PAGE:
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Case managers help people with HIV obtain home health care, emotional counseling, and other support services

People who are infected with the human immunodeficiency virus (HIV) that causes AIDS need a number of supportive services in addition to medical care. These range from insurance benefits advocacy, housing, and home health care to emotional counseling and substance abuse treatment. These services can both prevent hospitalizations and enhance quality of life. Patients with the most intensive contact with their case managers (once or twice a month) are least apt to have unmet needs for home health care, emotional counseling, and other support services, according to a study supported by the Agency for Healthcare Research and Quality (HS08578).

The study found that of 2,832 HIV-infected adults receiving care, 67 percent needed at least one supportive service, and 27 percent had an unmet need for at least one service in the previous 6 months. Sixty percent of patients had case managers. Case managers are social workers, nurses, AIDS service organization staff members, or anyone else assigned to help patients get and coordinate care. Those who had case managers were 61 percent less apt to go without needed home care, half as likely to go without needed emotional counseling, and 30 percent less apt to have any unmet need. In fact, more frequent contact with a case manager, such as once or twice a month, in the previous 6 months was significantly associated with even fewer unmet needs for services.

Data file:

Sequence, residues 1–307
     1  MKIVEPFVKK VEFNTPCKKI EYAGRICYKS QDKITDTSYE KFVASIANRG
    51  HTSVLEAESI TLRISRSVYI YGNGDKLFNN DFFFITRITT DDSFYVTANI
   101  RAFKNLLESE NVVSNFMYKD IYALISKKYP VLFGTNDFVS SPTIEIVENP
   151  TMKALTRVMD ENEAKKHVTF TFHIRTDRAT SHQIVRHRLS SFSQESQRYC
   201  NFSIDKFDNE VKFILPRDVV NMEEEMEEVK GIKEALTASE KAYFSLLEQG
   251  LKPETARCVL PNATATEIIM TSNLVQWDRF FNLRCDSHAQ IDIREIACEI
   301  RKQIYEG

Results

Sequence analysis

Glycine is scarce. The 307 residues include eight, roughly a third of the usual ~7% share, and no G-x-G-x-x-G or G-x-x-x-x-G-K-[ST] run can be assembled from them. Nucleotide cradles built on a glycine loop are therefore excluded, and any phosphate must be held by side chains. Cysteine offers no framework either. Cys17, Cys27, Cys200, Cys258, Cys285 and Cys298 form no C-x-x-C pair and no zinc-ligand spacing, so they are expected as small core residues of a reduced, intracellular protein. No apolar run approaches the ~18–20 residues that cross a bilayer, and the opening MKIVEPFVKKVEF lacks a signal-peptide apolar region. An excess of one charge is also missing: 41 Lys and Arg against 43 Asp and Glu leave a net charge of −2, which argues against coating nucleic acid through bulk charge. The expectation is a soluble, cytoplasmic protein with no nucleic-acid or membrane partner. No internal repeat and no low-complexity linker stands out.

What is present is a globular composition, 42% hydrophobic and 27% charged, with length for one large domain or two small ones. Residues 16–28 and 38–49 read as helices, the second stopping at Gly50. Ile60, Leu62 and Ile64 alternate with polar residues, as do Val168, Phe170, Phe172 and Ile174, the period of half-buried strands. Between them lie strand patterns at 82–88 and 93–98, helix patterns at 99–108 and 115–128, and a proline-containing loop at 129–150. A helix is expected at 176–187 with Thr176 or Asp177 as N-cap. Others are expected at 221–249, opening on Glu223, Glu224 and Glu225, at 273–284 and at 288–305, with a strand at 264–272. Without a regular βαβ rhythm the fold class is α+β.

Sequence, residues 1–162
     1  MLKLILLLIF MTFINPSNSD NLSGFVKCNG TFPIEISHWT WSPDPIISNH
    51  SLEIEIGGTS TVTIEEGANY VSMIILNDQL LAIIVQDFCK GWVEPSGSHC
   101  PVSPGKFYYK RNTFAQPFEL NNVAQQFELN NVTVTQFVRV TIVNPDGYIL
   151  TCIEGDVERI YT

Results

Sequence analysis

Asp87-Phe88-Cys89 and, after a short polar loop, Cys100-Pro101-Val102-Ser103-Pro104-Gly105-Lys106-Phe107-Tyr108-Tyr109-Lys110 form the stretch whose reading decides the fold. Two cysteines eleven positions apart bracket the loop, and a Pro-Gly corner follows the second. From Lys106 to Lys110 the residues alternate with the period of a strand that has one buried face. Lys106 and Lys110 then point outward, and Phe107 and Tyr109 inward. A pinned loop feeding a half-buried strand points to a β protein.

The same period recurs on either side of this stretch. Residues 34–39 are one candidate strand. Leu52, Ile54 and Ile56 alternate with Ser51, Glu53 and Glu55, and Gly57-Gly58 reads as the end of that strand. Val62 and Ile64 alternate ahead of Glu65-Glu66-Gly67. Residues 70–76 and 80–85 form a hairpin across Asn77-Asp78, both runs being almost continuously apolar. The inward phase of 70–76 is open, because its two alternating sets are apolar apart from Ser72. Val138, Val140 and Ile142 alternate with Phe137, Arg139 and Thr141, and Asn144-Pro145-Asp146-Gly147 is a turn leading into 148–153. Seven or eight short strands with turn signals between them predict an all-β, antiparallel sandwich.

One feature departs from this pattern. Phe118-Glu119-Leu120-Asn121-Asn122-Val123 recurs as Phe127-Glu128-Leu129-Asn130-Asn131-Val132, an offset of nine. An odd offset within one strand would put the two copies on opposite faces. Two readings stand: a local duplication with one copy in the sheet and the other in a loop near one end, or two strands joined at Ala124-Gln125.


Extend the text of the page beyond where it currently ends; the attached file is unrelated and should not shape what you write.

These findings are based on analysis of the HIV Cost and Services Utilization Study (HCSUS), a national probability sample of HIV-infected adults drawn from U.S. medical providers randomly selected from metropolitan and rural counties. The study was conducted by co-principal investigators Martin F. Shapiro, M.D., Ph.D., of Brown University, and Samuel A. Bozzette, M.D., Ph.D., from the University of California, Los Angeles and RAND Corporation, first author Mitchell H. Katz, M.D., of the San Francisco Department of Public Health, and their colleagues.

See "Prevalence and predictors of unmet need for supportive services among HIV-infected persons: Impact of case management," by Dr. Katz, William E. Cunningham, M.D., M.P.H., Vincent Mor, Ph.D., and others, in the January 2000 Medical Care 38(1), pp. 58-69.

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